The teacher mum never said no to an opportunity in her life. This is a woman who was farming in the morning, teaching by day and having a merry-go-round (a small social organization where members contribute a small sum of money regularly, often every week. Each time money is collected, the full sum is paid out to one of the members) meeting in the evening. To someone, this would seem a lot but the next day my mum would say yes to yet another opportunity from a friend to plant 20 acres of sugarcane and start her large-scale farming journey.  She would now be vegetable farming in the morning, teaching during the day, checking with the farm assistant during her lunch break and having her merry-go-round in the evening. My mentor, Michael Macharia in a meeting that changed my career, offered me an opportunity to pioneer a management trainee programme in SevenSeas Technologies and be the first guinea pig. I was fresh from campus and 3 months into my job. The Chief Talent Officer, Bancy Gakuru turned to me and said “Daniel you have heard what Mike has said. Please go and think about it and let us have your response in a week.” I immediately said yes and that I did not need time to think about it. That day marks a great turning point in my professional career because I said yes to the opportunity. I have pretty much made several bad decisions after that but I have also learnt the greatest lessons from them. John Maxwell says “When it comes right down to it, I know of only one factor that separates those who consistently shine from those who don't: The difference between average people and achieving people is their perception of and response to failure”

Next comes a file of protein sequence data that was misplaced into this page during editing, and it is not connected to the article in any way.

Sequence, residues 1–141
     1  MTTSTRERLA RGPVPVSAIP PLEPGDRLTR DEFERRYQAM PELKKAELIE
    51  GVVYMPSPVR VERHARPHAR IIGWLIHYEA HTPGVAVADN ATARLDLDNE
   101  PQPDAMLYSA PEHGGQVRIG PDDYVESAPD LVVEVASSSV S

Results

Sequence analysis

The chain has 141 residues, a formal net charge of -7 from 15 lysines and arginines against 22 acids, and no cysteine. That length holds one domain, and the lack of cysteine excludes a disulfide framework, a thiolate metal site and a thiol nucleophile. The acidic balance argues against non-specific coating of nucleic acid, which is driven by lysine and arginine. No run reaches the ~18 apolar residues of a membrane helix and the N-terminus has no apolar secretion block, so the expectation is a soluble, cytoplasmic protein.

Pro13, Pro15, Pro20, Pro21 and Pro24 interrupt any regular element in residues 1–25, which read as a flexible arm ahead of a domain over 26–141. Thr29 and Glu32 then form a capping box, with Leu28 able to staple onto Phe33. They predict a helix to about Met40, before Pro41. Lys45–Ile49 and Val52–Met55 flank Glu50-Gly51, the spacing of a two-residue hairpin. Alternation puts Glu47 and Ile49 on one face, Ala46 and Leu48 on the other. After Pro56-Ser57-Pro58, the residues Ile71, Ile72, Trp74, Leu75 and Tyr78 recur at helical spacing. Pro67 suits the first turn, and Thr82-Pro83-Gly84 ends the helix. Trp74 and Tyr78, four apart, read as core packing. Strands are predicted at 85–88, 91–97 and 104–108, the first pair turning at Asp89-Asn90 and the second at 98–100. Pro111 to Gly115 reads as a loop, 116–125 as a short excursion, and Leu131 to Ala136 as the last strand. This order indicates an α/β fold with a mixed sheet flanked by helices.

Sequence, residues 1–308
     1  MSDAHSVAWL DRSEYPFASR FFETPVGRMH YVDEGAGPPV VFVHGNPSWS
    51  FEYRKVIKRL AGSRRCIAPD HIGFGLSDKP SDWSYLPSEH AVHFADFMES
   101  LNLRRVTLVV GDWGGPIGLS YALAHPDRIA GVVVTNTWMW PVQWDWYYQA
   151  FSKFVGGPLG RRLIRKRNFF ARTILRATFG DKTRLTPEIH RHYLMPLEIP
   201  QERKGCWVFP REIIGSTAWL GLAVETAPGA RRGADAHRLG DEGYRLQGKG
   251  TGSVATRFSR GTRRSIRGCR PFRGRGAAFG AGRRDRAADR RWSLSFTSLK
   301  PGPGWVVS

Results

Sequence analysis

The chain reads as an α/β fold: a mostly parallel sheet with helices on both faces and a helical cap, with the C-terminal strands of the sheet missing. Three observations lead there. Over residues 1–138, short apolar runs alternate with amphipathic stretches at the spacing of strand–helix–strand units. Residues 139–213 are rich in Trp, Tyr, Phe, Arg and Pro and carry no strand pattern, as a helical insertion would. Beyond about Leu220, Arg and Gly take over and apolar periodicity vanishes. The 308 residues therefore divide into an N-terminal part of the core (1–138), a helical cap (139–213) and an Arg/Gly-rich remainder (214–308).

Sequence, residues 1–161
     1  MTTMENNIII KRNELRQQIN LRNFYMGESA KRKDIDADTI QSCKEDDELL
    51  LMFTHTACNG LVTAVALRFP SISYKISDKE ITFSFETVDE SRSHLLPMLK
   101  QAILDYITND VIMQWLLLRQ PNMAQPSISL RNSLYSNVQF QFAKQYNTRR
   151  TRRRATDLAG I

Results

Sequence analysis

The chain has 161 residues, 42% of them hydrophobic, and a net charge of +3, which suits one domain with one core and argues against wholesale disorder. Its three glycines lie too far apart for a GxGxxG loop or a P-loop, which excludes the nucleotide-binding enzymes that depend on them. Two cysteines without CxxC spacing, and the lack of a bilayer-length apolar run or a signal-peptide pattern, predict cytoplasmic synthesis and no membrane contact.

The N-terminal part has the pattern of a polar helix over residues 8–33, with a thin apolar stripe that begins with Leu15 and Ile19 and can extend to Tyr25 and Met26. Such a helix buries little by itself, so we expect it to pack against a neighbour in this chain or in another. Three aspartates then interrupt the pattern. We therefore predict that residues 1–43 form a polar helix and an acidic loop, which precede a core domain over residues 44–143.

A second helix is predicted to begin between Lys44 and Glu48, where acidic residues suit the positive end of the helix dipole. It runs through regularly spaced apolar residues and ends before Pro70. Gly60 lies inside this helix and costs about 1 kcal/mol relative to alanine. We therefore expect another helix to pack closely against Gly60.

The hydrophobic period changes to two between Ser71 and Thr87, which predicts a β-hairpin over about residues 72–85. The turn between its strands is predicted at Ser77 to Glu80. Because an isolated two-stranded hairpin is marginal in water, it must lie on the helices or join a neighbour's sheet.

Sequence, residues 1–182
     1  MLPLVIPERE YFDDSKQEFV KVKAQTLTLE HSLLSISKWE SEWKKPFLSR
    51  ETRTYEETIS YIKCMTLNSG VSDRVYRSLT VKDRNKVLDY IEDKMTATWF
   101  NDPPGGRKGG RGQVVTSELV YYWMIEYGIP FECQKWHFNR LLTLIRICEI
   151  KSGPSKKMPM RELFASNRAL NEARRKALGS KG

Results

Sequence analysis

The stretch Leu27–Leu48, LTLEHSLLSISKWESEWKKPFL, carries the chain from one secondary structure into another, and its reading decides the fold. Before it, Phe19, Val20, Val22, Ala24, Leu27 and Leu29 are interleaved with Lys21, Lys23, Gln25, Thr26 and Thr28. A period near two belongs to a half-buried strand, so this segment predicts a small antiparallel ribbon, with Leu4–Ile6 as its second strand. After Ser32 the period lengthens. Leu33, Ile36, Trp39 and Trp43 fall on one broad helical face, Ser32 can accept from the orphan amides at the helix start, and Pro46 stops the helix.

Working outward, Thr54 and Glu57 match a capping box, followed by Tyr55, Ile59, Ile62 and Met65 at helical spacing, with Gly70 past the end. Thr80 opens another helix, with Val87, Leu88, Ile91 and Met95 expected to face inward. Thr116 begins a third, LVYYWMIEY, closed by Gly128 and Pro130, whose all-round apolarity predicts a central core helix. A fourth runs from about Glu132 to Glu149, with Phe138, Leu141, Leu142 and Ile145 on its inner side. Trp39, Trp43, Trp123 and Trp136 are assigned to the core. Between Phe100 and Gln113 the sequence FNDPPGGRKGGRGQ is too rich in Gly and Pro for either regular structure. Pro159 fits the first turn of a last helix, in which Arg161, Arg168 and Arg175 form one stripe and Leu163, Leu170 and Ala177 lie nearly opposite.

Lesson 4: “You have not lived today until you have done something for someone who can never repay you ~ John Bunyan